Social Sculpture: © Alaska Alaska, all others: © Gymnastics Art Institute;
Style Points is a weekly column about how fashion intersects with the wider world.
If you ask Antwaun Sargent, walking into Virgil Abloh’s studio was like taking a trip into the many nautilus shell chambers of the late designer’s multi-disciplinary brain. “Takashi Murakami was in one corner; Playboi Carti was in another,” he recalls. Along with Harvard-trained architect Mahfuz Sultan and “20-year-old kids” from all over the world, “It was a motley crew,” Sargent says, “and they all had equal stake and equal say.”
Sargent is the curator of “Figures of Speech” at the Brooklyn Museum, which opens tomorrow, July 1, and his exhibit mirrors that polymathic, democratic approach, reminding viewers of all the worlds the late designer touched, from sports (Serena Williams’ Off-White x Nike “Queen” tennis dress is suspended from the ceiling) to music (a test press plate of Jay-Z and Kanye West’s Watch the Throne—the gold-foil cover was his brainchild; mixtapes and flyers for Abloh’s many DJ sets) to design (collaborations with Ikea, Supreme and Nike, among many others). The reminders are even on Sargent’s feet: Today, he’s sporting Abloh-designed sneakers emblazoned with his name. “One of the great things about Virgil is that he worked across disciplines and mediums,” he says. “You have art, you have architecture, you have music, you have film, you have design, you have fashion.”
“Figures of Speech” debuted in 2019 at The Museum of Contemporary Art Chicago, curated by Michael Darling. When working with Abloh on plans for the revamped Brooklyn exhibit, Sargent paid close attention to the designer’s speech patterns. “From one moment to the next he was talking about a dress, or about a sculpture. I go, ‘Well, if that’s the true way you create as an artist, then we define an exhibition format to showcase that.’ And so what the thinking became was, ‘Let’s just put everything on a table,’ because, often, that’s what he worked on.” The long tables that house the displays include one for drafting (Abloh was trained as an architect) as well as his other medium, the runway. They were a way to “really show the fluidity of his practice,” as opposed to saying, “‘Let’s get all the fashion and put it in one room.’ Because he didn’t think that way.”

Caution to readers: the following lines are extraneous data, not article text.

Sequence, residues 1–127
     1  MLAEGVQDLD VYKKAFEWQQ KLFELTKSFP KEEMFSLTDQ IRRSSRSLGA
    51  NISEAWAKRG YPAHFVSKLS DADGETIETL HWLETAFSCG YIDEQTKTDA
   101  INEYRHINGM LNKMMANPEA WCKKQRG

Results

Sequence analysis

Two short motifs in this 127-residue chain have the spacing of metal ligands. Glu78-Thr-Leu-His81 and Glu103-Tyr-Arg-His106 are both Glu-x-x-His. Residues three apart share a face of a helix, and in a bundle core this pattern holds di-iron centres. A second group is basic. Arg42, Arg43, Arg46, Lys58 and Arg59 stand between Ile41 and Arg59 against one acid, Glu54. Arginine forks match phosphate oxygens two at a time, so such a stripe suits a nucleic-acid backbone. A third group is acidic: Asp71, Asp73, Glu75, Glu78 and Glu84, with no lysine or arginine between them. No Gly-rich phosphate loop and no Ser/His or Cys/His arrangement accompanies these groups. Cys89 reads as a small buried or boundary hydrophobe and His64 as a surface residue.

That blurring of boundaries even crossed over to the holy line between art and commerce. The museum store, jokingly called Church & State and integrated into the exhibit, was part of Abloh’s vision too. “Some of the [objects] you can buy and take home, and others are on display. But he didn’t make a distinction,” Sargent notes.
The curator’s hope is that the exhibit can be an educational one, without the gatekeeping we so often see in both the art and fashion worlds. One aspect of Abloh’s legacy the show touches on is his status as one of the few Black designers at the head of a European luxury brand. The pandemic and the racial reckoning both affected the way Abloh and Sargent approached the evolving exhibit, the latter says. “I think we all were shaken and changed in some ways [by both events], especially Black Americans. And that did not exclude Virgil.” Sargent points to the gun motifs used in one of his Ikea projects, as well as a striking installation featuring 16 yellow crime scene evidence markers, a reference to the 16 shots a police officer fired at Chicago teenager Laquan McDonald. “Those two works are, in some ways, in response to realities of what young Black men have to deal with in America,” Sargent says. “I didn’t want to sugarcoat that.”
Sargent has been telling everyone that the show is curated by WhatsApp, referring to the free-floating group conversations he had with Virgil and his collaborators that shaped its format: “The curator-artist relationship, as I define it, is one of dialogue. And so I didn’t come to the show with any preconceived notions.” Of all the artists he’s worked with, Sargent says Abloh was remarkably not precious about his ideas. “He had no ego, and so the best ideas won out.”
One of the prime expressions of that group dynamic is Social Sculpture, a piece of artwork that Sargent and I are sitting on as we speak. A wooden house with a porch, it was designed by Abloh in collaboration with his London studio ALASKA ALASKA to function as a haven for performances and events, and speaks to his penchant for inviting everyone in. “I don’t know how many artists would make space for others in their major retrospective,” Sargent marvels. “That’s just not a thing that often happens, right?”
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